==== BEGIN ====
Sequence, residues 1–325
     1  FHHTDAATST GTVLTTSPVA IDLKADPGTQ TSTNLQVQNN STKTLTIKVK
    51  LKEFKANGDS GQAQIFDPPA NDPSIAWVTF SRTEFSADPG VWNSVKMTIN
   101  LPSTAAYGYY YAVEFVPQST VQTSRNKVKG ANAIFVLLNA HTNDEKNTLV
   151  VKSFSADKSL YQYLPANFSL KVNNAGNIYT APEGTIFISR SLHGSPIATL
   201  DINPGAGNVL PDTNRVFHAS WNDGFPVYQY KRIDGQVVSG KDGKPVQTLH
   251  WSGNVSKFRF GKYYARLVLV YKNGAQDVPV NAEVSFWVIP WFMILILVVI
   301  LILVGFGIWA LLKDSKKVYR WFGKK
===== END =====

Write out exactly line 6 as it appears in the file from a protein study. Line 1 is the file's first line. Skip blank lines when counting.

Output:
   201  DINPGAGNVL PDTNRVFHAS WNDGFPVYQY KRIDGQVVSG KDGKPVQTLH